National clinical practice guidelines for food allergy and anaphylaxis: an international assessment

Asiyah Sheikh, Zakariya Sheikh, Graham Roberts, Antonella Muraro, Sangeeta Dhami, Aziz Sheikh

Research output: Contribution to journalArticlepeer-review

Abstract

BACKGROUND: Clinical practice guidelines are important tools to promote evidence-based clinical care, but not all countries have the capacity or infrastructure to develop these in-house. The European Academy of Allergy and Clinical Immunology has recently developed guidelines for the prevention, diagnosis and management of food allergy and the management of anaphylaxis. In order to inform dissemination, adaptation and implementation plans, we sought to identify countries that have/do not have national guidelines for food allergy and anaphylaxis.

METHODS: Two reviewers independently searched PubMed to identify countries with guidelines for food allergy and/or anaphylaxis from the inception of this database to December 2016. This was supplemented with a search of the Agency for Healthcare Research and Quality's National Guideline Clearinghouse in order to identify any additional guidelines that may not have been reported in the peer-reviewed literature. Data were descriptively and narratively synthesized.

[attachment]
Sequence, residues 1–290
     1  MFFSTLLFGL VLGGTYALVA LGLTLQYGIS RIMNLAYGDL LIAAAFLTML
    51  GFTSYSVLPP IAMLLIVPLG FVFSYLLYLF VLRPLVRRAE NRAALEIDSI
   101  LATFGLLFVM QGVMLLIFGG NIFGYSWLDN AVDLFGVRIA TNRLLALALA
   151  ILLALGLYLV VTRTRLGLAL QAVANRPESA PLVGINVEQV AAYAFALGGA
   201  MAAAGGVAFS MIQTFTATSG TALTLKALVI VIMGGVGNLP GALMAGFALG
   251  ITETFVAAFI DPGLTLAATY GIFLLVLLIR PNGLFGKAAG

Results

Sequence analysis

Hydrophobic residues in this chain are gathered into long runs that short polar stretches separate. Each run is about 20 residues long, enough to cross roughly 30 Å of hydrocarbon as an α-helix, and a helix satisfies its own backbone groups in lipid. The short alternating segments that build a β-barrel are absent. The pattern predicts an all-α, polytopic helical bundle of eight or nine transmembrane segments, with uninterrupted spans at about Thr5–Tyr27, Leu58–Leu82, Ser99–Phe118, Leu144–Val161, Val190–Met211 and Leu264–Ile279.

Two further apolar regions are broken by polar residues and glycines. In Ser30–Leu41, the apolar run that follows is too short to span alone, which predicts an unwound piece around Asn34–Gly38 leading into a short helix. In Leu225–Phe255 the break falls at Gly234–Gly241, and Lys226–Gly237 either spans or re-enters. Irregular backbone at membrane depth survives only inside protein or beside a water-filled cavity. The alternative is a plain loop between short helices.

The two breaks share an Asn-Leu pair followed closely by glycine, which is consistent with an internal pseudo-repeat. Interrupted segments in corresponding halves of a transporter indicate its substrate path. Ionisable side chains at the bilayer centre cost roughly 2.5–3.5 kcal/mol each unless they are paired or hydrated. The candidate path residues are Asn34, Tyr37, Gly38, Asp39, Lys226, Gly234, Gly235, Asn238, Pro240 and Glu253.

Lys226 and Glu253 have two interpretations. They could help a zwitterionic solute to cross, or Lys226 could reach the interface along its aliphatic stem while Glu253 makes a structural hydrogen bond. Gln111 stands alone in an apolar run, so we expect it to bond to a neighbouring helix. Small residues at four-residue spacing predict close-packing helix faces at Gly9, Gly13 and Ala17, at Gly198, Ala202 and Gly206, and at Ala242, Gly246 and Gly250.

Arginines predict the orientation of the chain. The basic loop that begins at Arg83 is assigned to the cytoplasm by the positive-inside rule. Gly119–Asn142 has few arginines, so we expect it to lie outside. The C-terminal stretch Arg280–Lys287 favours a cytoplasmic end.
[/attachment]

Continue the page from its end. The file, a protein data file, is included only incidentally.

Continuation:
RESULTS: Overall, 5/193 (3%) of countries had at least one guideline for food allergy or anaphylaxis. We found that one (1%) country had a national guideline for the prevention of food allergy, three (2%) countries had a guideline for the diagnosis of food allergy and three (2%) countries had a guideline for the management of food allergy. Three (2%) countries had an anaphylaxis guideline.

CONCLUSIONS: This study concludes that the overwhelming majority of countries do not have any national clinical practice guidelines for food allergy or anaphylaxis.

Original languageEnglish
Pages (from-to)23
JournalClinical and translational allergy
Volume7
DOIs
Publication statusPublished - 25 Jul 2017

Keywords

  • Journal Article

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